The Advertising Standards Authority subsequently investigated the case and ultimately ruled against Monsanto’s false advertisement claims, pulling their radio ad and warning of severe sanctions if such unsubstantiated claims were repeated. Unfortunately in Nigeria, our Biotech regulators have chosen to be the very mouthpiece spewing out and defending Monsanto’s many false claims! This attitude, together with our porous borders, huge populations, and leadership position in Africa, make us the perfect destination an embattled GMO industry seeks to set up her deathly business.

Similarly, little is heard about the fact that the supposed powerhouse of GM in Africa, Burkina Faso is actually fed up with her genetically modified cotton (even though this is not food), and has decided to phase-out the product effective next year.  Yet all these are plain facts that could be easily verified by just a few clicks on the internet.  Pro-GMO lobbyists are obviously counting on the fact that you the average literate Nigerian would be too busy to check up this literally life and death issue!

We must prove them wrong however! Educated Nigerians need to come out of their cosy comfort, check out the issues at stake themselves, and spread the word within their sphere of influence.  It is only by so doing that we can muster the necessary counter-pressure to assist our government resist the severe external pressure being mounted on it by multinational corporations and their powerful political lobbies.  We need, by our showing interest in these matters, to rise to help our government help us.

Much like the positions canvassed by the eminent members of the Nigerian Academy of Science who were obviously set up and desperately quoted out of context, our position in this paper is that Nigeria cannot afford to stay aloof of the field of biotechnology.  We need to be effectively engaged and be able to follow developments in every legitimate field of human endeavour – even if just for the sake of national security and the scientific spin-offs that might somehow accrue. This paper is not even insisting that GMO food and food products produced elsewhere should be banned from our country.  Obviously, we would wish for that to happen, but we realize that with our famed porous borders, this would only be a wil-o-the-wisp.  Besides, once the products are adequately labelled, (as we insist they must be) any Nigerian who wishes to make them his/her staples should be free so to do!

However, Nigerians must be in charge of the entire process; and this can only happen when we have the technology sufficiently demystified, cleared of all wild unsubstantiated claims, taught freely in our universities with pros and cons fully discussed; and researched in designated laboratories by compatriots,  free from the influence of blood-haunting Shylocks from abroad.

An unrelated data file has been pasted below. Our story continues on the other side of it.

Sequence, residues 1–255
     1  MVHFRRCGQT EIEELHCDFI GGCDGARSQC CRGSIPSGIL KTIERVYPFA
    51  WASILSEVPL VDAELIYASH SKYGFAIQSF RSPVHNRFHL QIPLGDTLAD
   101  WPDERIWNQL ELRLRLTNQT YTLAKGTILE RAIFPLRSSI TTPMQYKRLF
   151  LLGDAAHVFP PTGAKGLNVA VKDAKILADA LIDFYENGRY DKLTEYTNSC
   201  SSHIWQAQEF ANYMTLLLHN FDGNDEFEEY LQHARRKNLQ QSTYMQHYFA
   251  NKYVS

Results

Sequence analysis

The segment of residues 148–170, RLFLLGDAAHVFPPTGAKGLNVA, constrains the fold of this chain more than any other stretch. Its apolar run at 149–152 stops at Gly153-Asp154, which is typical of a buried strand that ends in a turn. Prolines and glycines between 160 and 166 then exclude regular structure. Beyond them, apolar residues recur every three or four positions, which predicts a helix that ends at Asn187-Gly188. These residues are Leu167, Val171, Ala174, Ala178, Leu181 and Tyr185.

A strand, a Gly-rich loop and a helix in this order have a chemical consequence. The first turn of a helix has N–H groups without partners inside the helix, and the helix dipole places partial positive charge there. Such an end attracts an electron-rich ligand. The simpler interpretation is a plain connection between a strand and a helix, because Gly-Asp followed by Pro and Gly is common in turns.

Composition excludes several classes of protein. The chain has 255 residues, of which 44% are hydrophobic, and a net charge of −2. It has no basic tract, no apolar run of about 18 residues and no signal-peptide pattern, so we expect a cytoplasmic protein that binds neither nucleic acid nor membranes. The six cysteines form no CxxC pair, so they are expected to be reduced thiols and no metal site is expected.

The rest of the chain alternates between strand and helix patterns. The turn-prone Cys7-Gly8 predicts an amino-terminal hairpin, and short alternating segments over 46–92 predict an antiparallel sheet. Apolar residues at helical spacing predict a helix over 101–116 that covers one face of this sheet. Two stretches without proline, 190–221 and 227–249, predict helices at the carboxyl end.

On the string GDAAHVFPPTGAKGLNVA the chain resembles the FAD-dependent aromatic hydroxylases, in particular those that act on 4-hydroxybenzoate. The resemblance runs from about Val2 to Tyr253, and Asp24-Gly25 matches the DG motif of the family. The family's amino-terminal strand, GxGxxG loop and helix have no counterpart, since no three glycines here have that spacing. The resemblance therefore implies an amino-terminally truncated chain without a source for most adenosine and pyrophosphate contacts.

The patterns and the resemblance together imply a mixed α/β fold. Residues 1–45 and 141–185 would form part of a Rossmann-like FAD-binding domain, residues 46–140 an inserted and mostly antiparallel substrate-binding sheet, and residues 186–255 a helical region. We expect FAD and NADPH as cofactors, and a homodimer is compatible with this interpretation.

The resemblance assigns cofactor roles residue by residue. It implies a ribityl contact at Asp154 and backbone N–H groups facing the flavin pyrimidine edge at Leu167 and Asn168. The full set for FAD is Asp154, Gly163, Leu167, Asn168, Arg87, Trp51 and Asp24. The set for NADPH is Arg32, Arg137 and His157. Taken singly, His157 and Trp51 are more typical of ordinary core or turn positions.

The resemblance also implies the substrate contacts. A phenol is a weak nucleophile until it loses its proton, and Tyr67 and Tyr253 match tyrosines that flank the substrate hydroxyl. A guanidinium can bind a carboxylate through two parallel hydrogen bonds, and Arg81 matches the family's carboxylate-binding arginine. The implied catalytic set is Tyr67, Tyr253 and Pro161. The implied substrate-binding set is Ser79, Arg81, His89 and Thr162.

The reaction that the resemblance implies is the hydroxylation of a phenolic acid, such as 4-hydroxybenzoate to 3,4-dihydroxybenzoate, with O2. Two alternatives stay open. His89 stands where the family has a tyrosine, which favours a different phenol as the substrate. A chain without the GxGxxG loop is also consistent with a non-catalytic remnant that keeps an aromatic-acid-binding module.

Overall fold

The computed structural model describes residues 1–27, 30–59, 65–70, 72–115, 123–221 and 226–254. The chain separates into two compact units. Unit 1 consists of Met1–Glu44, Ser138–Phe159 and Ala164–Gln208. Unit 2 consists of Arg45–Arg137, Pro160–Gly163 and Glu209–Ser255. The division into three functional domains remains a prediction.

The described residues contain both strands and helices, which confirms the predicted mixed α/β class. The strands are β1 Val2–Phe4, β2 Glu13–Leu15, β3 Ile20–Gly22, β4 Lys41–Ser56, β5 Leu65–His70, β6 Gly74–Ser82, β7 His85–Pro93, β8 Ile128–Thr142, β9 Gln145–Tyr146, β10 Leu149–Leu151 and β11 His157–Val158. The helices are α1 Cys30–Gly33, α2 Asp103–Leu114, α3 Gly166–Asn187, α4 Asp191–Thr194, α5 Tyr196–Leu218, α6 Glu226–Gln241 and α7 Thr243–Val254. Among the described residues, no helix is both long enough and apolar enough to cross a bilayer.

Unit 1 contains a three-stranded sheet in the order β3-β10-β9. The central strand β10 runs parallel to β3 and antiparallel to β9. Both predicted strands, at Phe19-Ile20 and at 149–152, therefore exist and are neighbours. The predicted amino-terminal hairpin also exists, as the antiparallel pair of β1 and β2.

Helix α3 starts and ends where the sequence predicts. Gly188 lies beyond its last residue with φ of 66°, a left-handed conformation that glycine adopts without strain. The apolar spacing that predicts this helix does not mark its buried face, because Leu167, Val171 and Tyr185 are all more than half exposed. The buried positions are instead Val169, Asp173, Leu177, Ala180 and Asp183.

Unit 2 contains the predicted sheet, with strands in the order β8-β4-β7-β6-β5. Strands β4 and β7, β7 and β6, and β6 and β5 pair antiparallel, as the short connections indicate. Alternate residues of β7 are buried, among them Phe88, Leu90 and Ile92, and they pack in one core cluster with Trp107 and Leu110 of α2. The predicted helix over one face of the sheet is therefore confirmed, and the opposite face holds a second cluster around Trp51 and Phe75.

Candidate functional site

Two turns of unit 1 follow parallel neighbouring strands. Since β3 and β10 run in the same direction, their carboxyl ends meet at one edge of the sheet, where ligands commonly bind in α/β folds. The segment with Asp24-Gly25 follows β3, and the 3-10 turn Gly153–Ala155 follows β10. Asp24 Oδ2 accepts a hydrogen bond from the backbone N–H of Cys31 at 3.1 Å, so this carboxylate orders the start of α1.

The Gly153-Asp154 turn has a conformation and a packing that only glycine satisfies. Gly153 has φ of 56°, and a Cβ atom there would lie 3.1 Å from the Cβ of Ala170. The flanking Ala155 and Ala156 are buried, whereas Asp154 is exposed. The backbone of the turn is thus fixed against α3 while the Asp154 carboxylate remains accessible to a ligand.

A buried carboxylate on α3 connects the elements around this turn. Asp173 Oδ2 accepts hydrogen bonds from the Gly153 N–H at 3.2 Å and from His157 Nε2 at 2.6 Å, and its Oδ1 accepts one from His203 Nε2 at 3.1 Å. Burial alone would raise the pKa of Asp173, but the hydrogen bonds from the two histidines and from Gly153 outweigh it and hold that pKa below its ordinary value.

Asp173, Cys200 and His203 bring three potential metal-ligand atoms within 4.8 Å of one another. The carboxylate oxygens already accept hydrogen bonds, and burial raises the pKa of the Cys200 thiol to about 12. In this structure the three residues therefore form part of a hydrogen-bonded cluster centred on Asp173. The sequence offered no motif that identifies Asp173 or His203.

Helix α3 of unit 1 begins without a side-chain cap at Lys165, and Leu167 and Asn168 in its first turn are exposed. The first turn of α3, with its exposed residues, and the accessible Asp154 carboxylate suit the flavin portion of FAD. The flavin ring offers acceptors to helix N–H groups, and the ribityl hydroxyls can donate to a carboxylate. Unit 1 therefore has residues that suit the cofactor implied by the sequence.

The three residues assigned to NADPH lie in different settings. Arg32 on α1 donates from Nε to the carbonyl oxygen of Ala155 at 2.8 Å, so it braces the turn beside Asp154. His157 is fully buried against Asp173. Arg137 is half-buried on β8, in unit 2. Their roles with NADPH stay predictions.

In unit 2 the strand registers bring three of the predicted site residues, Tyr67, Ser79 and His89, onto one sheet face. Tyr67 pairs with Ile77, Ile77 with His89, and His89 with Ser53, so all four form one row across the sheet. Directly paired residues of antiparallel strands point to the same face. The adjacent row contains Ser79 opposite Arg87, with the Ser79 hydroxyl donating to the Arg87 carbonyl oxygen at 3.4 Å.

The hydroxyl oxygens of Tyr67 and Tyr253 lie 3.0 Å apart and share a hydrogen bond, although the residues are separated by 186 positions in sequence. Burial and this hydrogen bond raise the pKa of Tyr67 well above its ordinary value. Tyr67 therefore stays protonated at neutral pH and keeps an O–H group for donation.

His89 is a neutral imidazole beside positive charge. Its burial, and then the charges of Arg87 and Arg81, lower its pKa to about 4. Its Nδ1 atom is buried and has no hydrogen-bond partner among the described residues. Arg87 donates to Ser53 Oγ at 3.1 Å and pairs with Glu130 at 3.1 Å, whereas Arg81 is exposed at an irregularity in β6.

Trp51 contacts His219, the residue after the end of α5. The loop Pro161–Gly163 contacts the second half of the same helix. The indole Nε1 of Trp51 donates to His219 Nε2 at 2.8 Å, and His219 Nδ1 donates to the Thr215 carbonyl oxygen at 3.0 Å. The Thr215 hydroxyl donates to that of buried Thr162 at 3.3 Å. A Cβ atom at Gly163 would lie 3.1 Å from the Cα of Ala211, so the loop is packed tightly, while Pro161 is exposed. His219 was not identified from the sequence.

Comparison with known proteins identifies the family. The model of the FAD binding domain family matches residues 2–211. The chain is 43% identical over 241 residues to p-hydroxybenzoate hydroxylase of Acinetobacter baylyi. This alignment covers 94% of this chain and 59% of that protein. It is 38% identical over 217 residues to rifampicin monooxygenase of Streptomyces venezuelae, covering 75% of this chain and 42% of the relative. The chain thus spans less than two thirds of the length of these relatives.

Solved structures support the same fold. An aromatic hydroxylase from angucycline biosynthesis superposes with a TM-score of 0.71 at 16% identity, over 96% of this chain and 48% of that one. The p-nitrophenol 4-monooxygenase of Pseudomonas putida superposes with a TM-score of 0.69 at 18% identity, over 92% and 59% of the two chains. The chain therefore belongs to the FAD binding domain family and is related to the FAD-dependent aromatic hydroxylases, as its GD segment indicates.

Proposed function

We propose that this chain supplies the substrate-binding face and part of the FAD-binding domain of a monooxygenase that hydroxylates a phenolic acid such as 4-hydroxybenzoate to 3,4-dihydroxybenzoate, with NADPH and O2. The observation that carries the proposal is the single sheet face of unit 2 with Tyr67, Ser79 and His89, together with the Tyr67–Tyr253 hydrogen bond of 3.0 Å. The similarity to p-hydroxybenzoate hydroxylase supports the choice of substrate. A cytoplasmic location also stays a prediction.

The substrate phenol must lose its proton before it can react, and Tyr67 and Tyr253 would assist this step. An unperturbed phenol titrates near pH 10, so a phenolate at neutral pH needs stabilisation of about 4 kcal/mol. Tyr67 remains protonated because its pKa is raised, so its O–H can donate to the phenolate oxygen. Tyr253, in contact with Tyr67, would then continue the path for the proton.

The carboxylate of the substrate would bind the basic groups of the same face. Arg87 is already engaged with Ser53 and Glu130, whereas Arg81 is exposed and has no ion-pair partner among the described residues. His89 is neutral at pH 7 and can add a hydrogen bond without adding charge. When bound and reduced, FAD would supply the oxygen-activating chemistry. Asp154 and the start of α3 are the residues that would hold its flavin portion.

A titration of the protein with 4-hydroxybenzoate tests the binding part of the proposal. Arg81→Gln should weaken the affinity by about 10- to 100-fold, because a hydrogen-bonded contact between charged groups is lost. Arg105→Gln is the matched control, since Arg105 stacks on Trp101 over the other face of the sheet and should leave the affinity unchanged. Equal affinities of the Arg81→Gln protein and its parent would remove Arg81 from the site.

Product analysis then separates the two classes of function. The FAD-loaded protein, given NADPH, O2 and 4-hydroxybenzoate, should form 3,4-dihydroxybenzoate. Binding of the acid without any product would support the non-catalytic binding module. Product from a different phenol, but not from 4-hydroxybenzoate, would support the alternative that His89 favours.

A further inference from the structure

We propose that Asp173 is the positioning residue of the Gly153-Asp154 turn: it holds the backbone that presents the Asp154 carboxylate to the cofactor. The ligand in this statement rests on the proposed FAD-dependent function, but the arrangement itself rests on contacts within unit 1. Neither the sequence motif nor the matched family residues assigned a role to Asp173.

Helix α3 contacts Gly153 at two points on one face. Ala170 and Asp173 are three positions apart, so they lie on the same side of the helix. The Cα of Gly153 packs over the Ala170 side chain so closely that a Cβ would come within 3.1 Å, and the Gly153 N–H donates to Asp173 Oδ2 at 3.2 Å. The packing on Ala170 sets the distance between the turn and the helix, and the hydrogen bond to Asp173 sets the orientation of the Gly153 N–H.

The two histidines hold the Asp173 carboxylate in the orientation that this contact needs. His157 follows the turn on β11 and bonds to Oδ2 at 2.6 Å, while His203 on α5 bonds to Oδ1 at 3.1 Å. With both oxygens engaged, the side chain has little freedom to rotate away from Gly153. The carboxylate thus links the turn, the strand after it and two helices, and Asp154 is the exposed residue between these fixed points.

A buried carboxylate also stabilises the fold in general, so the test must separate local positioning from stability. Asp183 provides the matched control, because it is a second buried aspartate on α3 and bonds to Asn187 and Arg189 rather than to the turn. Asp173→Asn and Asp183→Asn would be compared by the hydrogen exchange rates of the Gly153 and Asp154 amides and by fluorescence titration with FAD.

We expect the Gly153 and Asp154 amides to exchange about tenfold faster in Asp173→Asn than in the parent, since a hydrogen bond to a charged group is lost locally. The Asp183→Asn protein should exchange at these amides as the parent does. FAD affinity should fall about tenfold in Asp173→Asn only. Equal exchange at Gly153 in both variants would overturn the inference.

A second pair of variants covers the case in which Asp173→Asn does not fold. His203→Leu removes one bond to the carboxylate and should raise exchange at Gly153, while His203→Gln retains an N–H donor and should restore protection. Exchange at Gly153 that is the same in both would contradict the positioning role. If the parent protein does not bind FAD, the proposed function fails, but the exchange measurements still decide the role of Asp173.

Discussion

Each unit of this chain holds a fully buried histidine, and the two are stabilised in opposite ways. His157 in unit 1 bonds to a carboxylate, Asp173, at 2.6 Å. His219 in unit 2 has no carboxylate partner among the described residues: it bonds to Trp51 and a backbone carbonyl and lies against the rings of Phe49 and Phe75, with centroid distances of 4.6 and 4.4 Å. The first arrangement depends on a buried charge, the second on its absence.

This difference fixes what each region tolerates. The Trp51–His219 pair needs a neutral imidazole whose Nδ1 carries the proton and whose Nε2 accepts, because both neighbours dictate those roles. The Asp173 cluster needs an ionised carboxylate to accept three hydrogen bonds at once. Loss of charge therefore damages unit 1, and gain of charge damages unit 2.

The situation currently unfolding in the country is that we have a multinational company, Monsanto Agriculture Nigeria Ltd, already licensed in Nigeria and ready to begin to spin out in Nigeria, seeds genetically-modified with genes from other species, including animals and bacteria, (a process patently forbidden by the laws of nature).  The seeds already developed in America are merely to be widely cultivated and marketed in Nigeria. If this is allowed to happen, it will effectively give licence to Monsanto to turn all of us, including generations yet unborn, into one large scientific experiment.

With all the bumper harvests currently being reported in the country, we have no business bringing GMOs into our food production. It will only limit our options for exporting our products, in fact.  We should refrain from applying dubious solutions to problems that do not exist with us!  We can learn from Israel, an agricultural wonderland which is not only adequately feeding her citizens, but also exporting agricultural products abroad.  Nevertheless, her researchers are on top of developments in bio-technology; but it is all for research and strategic applications, not for feeding the masses.  That looks like a reasonable model Nigeria can emulate.


Joshua Ojo (PhD) is professor of Health Physics and Environment at the Obafemi Awolowo University, Ile-Ife.  He is also the President of the LivingScience Foundation, Ile-Ife.  The Foundation is dedicated to promoting public health in Nigeria, and  has absolutely NO FINANCIAL link  with any Pro- or Anti- GMO concerns.  Contact:

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Posted by on May 25, 2017 in Environment and Health, Uncategorized | 0 comments

Issues in World Health

    Opinion: The election that matters for the health of the world

    By Prashant Yadav, Akash Goel 27 January 2017

    A health extension worker counselling a mother on best nutrition practices. Photo by: Nesbitt /  UNICEF Ethiopia / CC BY-NC-ND

    Pandemics, resistant bacteria and other infectious disease pose some of the greatest threats to national borders, people and economies. The risks are global, so our resilience and preparedness not only depend on our own country’s health systems, but on the least common denominator of health systems around the world. This is why a physician in Manhattan was diagnosed with Ebola contracted in West Africa; a woman in Reno died of a resistant bacteria from India; and thousands in the United States contracted Zika, a virus that spread from Brazil across the Americas.

    Perhaps the most ideal mechanism to address global preparedness and response to such public health threats is through the World Health Organization, the United Nations agency with a 194-country membership charged with safeguarding the health of the world’s population.